Coronavirus

Dr. Eric Topol Says ‘We're Sitting Ducks for This Next Wave' of Covid From Omicron Variant

A person enters a mobile coronavirus disease (COVID-19) vaccine clinic during the spread of the Omicron coronavirus variant in Manhattan, New York, U.S., December 7, 2021.
Andrew Kelly | Reuters
  • Dr. Eric Topol is warning that Americans are "sitting ducks for the next wave" of Covid as the omicron variant takes hold in the U.S.
  • "We're lagging behind what we need to get out to the American public" in terms of boosters, the cardiologist said.
  • It's time that "fully vaccinated" is defined as three shots, Topol said.

Dr. Eric Topol is warning that Americans are "sitting ducks for the next wave" of Covid as the omicron variant starts to take hold in the U.S.

"We're lagging behind what we need to get out to the American public" in terms of boosters and what the U.S. considers fully vaccinated, the cardiologist and founder of the Scripps Research Translational Institute told CNBC's "The News with Shepard Smith" on Wednesday evening.

It's time that "fully vaccinated" is defined as three shots, Topol said. "We're in omicron land now" — and to have the most protection people need to get boosted, he said.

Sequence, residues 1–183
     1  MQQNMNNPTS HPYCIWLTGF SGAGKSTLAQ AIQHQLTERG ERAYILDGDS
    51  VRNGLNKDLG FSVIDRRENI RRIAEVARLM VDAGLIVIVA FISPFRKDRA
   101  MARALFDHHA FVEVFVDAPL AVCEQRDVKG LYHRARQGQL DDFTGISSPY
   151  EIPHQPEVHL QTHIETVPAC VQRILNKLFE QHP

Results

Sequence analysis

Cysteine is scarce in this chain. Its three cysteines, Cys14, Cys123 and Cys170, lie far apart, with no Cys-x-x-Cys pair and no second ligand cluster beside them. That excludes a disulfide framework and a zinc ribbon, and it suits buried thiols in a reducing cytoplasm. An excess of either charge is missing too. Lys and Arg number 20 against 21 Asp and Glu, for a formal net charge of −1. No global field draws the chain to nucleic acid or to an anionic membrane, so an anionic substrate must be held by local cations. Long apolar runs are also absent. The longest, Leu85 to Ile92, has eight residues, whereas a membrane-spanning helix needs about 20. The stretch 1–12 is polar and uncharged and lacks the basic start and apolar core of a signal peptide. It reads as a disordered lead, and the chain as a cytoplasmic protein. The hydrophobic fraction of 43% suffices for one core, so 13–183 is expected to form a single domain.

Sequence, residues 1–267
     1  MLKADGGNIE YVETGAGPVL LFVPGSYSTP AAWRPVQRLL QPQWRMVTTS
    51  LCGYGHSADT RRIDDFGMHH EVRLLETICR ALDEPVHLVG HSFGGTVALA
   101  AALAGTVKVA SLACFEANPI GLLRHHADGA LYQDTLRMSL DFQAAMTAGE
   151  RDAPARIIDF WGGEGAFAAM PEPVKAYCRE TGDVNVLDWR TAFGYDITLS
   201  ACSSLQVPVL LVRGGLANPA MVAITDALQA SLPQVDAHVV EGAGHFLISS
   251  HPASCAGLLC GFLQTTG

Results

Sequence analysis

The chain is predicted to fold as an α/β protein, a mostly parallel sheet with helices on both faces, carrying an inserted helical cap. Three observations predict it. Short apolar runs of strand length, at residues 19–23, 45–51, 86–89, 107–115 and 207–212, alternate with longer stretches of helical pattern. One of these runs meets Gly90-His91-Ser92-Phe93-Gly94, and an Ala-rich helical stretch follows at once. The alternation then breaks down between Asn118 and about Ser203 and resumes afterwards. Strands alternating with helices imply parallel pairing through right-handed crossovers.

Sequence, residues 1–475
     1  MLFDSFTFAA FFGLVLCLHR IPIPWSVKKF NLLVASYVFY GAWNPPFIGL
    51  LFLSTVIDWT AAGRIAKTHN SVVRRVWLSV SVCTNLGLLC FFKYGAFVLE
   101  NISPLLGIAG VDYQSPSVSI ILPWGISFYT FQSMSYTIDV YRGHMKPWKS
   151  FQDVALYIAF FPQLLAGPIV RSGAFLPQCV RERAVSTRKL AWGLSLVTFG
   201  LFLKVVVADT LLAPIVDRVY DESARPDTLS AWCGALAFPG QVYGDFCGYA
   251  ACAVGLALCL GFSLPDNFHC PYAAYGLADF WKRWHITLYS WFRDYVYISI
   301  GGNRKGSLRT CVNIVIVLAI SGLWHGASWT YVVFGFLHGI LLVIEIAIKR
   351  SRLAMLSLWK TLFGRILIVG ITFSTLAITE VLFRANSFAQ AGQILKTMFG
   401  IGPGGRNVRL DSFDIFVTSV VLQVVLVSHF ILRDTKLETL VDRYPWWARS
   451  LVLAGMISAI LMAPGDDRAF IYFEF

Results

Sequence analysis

Topol's comments came after Dr. Anthony Fauci said Wednesday that there's no need for an omicron-specific shot. Rather, the White House chief medical advisor said the best possible defense against omicron is getting fully vaccinated or receiving a booster shot.

While delta remains the dominant variant in America, omicron now makes up about 3% of all cases in the U.S., and it's spreading fast. The World Health Organization said omicron is spreading more quickly than any previous strain.

"It's doubling every two days or quicker wherever we are seeing it," Topol said, adding that though omicron infections are milder, "that's because of the people who are immunized or had prior Covid."

Hospitals are already seeing the surge. The University of Pittsburg Medial Center told CNBC its network of 40 hospitals and more than 8,700 beds are already close to capacity.

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